Mobile SEO For Medical Websites
Start With Checking Your Medical Practice’s Website For SEO and Mobile Optimizations, and Call-To-Action. 82 Percentage of Patients Visit Your Site From a Mobile Device.
Twenty years ago, being able to view the internet on a phone-like device was science fiction. The closest you could get was a laptop with a Wi-Fi card or where you could plug into a phone jack or ethernet port. Ten years ago, the vast majority of website traffic to your medical website was from desktop computers. Starting about five years ago, traffic from mobile devices became a larger share of website traffic. Today, successful medical practices find the majority of their traffic comes from mobile devices and tablets.
How did this happen? The advances in technology not only made handheld devices more powerful and capable of handling these websites, but cellular data networks also became faster and faster. Google considers mobile sites to be so important; they now have a separate search results for mobile device compare to the search results for desktop queries. Google also puts more emphasis on websites that have a mobile version of their website that is user-friendly. The result: It is increasingly more vital for doctors and medical practices to have a mobile-friendly website. Infact, with most recent changes in Google’s algorithms, Google will read your mobile site first for the mobile SEO rankings of your medical website.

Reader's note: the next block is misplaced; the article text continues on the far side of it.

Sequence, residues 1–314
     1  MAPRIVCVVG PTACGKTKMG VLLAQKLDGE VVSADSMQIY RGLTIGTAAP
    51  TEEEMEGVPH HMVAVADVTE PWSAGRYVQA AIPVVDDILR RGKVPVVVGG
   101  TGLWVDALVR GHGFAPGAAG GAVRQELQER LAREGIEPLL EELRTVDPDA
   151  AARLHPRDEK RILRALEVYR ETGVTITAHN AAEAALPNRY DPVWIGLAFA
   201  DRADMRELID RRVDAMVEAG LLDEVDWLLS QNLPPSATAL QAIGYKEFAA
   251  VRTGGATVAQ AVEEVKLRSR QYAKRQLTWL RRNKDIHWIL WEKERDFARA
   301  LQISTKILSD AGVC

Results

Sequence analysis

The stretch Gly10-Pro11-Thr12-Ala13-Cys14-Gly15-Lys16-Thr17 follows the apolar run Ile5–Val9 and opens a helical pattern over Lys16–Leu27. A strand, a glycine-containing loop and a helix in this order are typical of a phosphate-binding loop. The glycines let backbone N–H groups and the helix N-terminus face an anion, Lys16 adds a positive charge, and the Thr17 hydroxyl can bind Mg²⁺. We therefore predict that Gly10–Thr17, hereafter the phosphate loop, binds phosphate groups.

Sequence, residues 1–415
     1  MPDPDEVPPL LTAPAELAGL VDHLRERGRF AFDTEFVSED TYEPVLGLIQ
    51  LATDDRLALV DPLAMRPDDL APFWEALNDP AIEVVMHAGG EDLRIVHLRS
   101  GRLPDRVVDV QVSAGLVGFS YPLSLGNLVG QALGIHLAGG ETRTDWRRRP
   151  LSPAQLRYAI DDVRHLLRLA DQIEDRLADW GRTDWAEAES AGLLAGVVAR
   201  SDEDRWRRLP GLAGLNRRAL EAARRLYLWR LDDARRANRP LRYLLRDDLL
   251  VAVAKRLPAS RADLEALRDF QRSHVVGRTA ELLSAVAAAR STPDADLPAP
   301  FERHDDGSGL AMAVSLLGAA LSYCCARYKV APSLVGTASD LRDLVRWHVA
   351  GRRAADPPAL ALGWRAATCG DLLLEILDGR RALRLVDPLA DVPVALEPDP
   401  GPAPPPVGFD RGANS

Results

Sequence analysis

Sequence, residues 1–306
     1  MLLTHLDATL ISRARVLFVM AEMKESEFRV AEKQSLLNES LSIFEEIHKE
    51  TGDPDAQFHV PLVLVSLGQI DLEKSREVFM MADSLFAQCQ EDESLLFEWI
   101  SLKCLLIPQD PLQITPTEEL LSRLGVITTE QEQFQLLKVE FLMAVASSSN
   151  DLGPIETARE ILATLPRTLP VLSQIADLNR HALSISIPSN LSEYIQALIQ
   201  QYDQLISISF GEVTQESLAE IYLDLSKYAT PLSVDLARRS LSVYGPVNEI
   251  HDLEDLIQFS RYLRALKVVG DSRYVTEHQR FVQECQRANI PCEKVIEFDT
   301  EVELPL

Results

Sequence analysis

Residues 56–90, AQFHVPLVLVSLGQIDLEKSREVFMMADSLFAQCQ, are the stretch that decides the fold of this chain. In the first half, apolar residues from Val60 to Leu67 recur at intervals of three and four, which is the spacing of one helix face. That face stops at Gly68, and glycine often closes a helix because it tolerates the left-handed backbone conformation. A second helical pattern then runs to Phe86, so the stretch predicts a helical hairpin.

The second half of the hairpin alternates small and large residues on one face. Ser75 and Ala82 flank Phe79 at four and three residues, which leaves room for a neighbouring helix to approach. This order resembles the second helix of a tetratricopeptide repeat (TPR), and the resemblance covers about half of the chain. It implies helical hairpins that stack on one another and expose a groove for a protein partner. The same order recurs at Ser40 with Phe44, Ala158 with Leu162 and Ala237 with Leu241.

Have A Responsive Medical Website
A responsive website, if properly designed, will often satisfy the need for a mobile site. A responsive website will automatically move graphics, change text size, and rearrange your website to the screen of a mobile device or tablet. It does take some design skill, make sure all elements are presented correctly and in an order that would make sense to a potential patient. The advantage of a responsive website is that it will fit on any sized screen it is being viewed on, regardless of it being a phone or tablet. There are many different sized phones and tablets; you can rest assured your information will be easily consumed.